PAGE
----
Who Started the Christmas Cards Tradition?

The First Christmas Card

When you check your mailbox during the holiday season, most of us are likely to find Christmas cards from friends, family or colleagues.

Hundreds of millions of people participate in the annual rite, resulting in about 1.8 billion greetings being sent every year. It's become such a part of our tradition, that many people may not even wonder how it began.

But there was a time when sending cards through the mail wasn't part of Christmas celebrations. So who started the Christmas cards tradition?

Thank the British for Modern Christmas Cards

Sir Henry Cole was the British inventor and civil servant who produced the first commercial Christmas cards in 1843. Cole hired painter John Callcott Horsley to design the card and Horsley created a three-panel picture that was hand-colored on stiff paper.

The two side panels of the card showed acts of charity (the hungry receiving food and the poor being clothed), and the middle panel showed three generations of a family raising a toast above the greeting, "A Merry Christmas and a Happy New Year to You." The card was criticized by Puritans who were upset that a child was depicted sipping wine on the card, but the card was popular nonetheless. Over 2000 cards were sold for a shilling each.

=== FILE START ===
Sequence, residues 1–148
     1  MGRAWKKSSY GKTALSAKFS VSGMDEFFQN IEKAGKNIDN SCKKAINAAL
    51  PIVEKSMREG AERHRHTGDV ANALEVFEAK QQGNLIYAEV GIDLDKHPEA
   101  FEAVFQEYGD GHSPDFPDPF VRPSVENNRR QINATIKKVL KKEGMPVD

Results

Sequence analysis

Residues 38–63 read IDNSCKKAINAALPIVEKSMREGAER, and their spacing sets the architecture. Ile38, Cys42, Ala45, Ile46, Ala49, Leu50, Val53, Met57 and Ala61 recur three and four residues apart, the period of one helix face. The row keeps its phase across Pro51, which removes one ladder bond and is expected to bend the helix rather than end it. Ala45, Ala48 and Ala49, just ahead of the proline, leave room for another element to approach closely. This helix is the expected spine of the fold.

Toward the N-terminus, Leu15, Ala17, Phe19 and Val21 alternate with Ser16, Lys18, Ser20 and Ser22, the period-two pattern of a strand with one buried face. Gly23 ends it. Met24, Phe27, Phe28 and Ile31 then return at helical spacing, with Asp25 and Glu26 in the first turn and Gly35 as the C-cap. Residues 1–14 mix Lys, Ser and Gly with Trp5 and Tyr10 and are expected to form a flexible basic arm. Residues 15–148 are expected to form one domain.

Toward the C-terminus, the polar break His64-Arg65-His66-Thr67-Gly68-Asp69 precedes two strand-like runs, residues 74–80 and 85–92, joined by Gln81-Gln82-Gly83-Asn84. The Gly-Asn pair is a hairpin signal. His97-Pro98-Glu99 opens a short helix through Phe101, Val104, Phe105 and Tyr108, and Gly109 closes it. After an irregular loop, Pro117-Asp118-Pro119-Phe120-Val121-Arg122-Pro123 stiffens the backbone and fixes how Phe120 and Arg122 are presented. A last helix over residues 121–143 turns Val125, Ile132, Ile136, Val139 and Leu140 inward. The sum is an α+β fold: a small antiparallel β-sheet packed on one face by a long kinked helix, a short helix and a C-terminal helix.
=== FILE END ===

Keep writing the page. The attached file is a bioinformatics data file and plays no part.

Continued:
After that, the idea caught on. Queen Victoria sent out the first "official" Christmas card from a head of state in the 1840s, and in 1875 Louis Prang became the first printer to publish Christmas cards in the United States. Christmas postage stamps were introduced later in the century, furthering the advancement of holiday mail.

Now the Christmas cards tradition is well-entrenched in our society. Individuals, businesses, and government officials all regularly send greeting cards during the holidays, and new technology has made it easy for people to create their own personalized greeting cards, buy cool Christmas cards with unusual shapes and uses, and send digital ecards online.

Thanks to Henry Cole, there's always something to look forward to in our mailboxes during the holidays.

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